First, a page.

Empowering Czech communities: building a sustainable and democratic energy future
Members article by Rachel Aguilera & Anna Michalčáková, UKEN
In late March, the Community Energy Union hosted a seminar dedicated to fostering cooperation between municipalities, investors, and citizens. The aim? To create long lasting energy communities and to bring more attention to the hot-button topic of implementing more renewable energy in Czechia. Our primary focus was to address the critical issue of local residents' acceptance of renewable energy sources.
Just last year, the Community Energy Union was formed with a strong mission: to reimagine and revolutionize Czechia’s current energy system, transforming it into a decentralized, clean, and climate-friendly institution.
Our efforts encompass lobbying for legislation, conducting research and introducing practical methods for citizens to actively participate in this movement to save our climate. Increasing the direct participation of individuals is essential to establishing energy communities as local involvement translates to increased acceptance and support from those most directly impacted by climate change.
The need for a supportive legal framework
The seminar began with emphasising the need for legislation aligned with existing European directives that introduced for the first time a right for all EU citizens to engage in the energy market and set up their own energy community initiatives to promote their local energy transition. The Czech Republic lags behind on their obligation to transpose the EU provisions on energy communities into national legislation, posing a hurdle to the adoption of the New Energy Act and other legal provisions vital for promoting energy decentralization, and fair market regulation, essential for the acceptance and integration of energy communities.
Relatedly, creating a conducive subsidy environment is crucial. Over 60 billion CZK will be available by 2030, and to maximize its utility, we must revise subsidy programs and build a network of investors and consumers with equal incentives for participation. The National Energy and Climate Plan and State Energy Strategy also require revisions to facilitate significant development in the energy sector.
Participation lies at the heart of community building
We recognize that garnering public participation is one of the most substantial challenges when bringing clean, renewable energy to local communities. Ineffectively handled, energy projects can face resistance, simply adding to the barriers that prevent the progress of developing a cleaner, renewable energy.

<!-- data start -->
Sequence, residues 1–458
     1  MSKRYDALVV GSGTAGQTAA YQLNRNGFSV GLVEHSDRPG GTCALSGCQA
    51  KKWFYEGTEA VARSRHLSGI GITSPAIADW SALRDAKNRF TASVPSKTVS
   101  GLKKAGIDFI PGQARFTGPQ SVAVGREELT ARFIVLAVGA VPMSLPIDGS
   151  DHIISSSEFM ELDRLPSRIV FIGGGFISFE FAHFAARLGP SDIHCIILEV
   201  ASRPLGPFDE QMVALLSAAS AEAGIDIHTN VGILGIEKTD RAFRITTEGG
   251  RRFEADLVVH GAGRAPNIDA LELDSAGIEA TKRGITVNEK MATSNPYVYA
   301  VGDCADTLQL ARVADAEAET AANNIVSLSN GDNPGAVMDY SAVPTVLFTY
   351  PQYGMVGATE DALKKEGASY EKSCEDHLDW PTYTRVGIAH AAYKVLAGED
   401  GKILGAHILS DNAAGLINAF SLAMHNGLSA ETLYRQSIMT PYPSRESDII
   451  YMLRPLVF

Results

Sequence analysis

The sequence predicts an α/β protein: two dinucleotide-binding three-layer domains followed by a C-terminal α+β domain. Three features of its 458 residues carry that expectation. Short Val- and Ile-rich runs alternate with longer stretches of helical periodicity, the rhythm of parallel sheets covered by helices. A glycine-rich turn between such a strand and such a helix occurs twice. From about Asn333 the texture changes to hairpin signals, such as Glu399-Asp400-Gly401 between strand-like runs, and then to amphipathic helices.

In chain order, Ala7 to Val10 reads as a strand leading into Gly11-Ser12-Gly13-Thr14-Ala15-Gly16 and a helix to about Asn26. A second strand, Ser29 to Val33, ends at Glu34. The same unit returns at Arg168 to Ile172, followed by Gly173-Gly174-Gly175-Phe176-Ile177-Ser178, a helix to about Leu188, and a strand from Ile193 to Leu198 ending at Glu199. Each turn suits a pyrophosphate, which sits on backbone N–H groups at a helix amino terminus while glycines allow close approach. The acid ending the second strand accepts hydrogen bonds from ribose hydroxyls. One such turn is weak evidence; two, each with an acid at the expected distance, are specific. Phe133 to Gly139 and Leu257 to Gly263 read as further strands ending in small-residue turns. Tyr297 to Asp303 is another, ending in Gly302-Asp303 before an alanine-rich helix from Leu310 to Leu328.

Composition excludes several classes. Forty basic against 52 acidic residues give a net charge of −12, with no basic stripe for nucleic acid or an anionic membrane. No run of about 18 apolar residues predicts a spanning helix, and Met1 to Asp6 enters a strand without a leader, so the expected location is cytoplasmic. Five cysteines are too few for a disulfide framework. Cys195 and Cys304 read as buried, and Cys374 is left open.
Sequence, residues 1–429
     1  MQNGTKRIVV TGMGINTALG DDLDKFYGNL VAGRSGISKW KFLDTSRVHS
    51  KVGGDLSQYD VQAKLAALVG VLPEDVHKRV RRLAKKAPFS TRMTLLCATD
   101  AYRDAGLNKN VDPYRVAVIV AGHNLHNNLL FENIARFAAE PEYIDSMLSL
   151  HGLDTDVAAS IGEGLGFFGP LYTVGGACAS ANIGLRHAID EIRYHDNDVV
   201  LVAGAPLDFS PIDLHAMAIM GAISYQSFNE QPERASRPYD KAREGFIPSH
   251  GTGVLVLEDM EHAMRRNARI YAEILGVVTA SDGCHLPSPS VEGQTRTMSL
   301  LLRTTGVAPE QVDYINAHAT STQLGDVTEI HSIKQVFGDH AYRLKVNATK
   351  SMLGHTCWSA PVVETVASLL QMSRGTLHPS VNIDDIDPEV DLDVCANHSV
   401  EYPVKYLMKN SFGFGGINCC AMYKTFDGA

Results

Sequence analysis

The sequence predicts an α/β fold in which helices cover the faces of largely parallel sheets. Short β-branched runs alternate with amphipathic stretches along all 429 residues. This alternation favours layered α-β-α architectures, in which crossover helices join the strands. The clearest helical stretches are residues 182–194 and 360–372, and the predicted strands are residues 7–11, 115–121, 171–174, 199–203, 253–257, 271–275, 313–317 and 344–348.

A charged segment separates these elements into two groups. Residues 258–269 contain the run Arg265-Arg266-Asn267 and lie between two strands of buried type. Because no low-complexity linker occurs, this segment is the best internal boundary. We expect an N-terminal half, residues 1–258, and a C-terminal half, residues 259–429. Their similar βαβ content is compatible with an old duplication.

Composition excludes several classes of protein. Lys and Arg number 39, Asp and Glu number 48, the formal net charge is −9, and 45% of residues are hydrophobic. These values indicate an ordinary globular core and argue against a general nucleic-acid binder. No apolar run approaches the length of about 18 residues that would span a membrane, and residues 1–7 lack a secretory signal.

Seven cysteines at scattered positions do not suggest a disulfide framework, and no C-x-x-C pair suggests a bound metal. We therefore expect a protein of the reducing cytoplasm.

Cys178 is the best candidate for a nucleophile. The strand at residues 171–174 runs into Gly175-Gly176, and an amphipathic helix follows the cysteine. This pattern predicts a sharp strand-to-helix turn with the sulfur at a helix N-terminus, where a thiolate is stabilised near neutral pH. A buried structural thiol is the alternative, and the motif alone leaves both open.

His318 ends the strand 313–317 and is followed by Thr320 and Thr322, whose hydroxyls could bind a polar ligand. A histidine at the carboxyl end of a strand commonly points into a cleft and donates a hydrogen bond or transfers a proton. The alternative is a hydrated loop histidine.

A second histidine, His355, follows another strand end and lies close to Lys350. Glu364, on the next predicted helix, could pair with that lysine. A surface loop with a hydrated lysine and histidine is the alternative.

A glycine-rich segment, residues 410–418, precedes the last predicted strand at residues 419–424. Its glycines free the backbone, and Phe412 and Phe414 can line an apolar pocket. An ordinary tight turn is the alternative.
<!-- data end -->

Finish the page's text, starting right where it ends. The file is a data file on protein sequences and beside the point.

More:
This issue is particularly prevalent in Czechia. This seminar aimed to provide a platform for speakers — including experts in law, sociology, civic participation and even a mayor — to outline the steps required to overcome these challenges and spark discussions on effectively cooperating among various stakeholders to create (energy) communities. Following the seminar, we have compiled a comprehensive brochure that delves into the speeches and provides additional information to support the discourse on energy communities and cooperation.
From cooperative contracts to conflict resolution: paving the way for successful participation
While reaching an agreement on how to establish a (energy) community is challenging, it becomes more attainable when following the right process and maintaining regular feedback. Additionally, it is essential that the final agreement benefits all actors, including the municipality, citizens, and investors alike. There is not a one-size-fits-all approach to establishing an energy community; it requires a shared vision for the future and compromise.
We don’t have to agree on everything. “You don’t need people to have a clear preferred destination. But they should have a story map of how the future may unfold. They need something to discuss,” says Ondráš Přibyla, an expert on conflict resolution. He adds “Even people who disagree can have constructive conversations with each other.”
Building trust among all involved parties is a pivotal step in reaching this agreement. A transparent approach, clear communication, examples of good practice and thorough explanations can lead to the desired goal. It is important to involve as many locals as possible, especially when putting a project to a municipal referendum. “Don’t participate to check a box. You need this information. Use different tools to explain the venture and provide all the relevant information. Communicate the venture clearly and in time, identify and win over people who have influence over the opinions of others. Offer solutions to meet the needs of local people,” advises Michaela Švandová from Nadace Via, summarising the rules of successful participation.
Envisioning the future of energy
One crucial step to garnering public support and participation is helping citizens imagine the future that they are working toward. Community energy comes in different forms, adaptable to the needs of different communities and participants, encompassing a range of different services. Projects can begin with self sufficient apartment buildings and public buildings incorporating photovoltaic technology. Additional projects include creating sustainable neighborhoods and housing developments that leverage existing infrastructure to become more climate-friendly.
Community energy is essential for a cleaner and brighter future for Czechia. Reforming our energy sector is a collective endeavor, requiring active engagement from local communities and individuals who are looking to bring necessary change.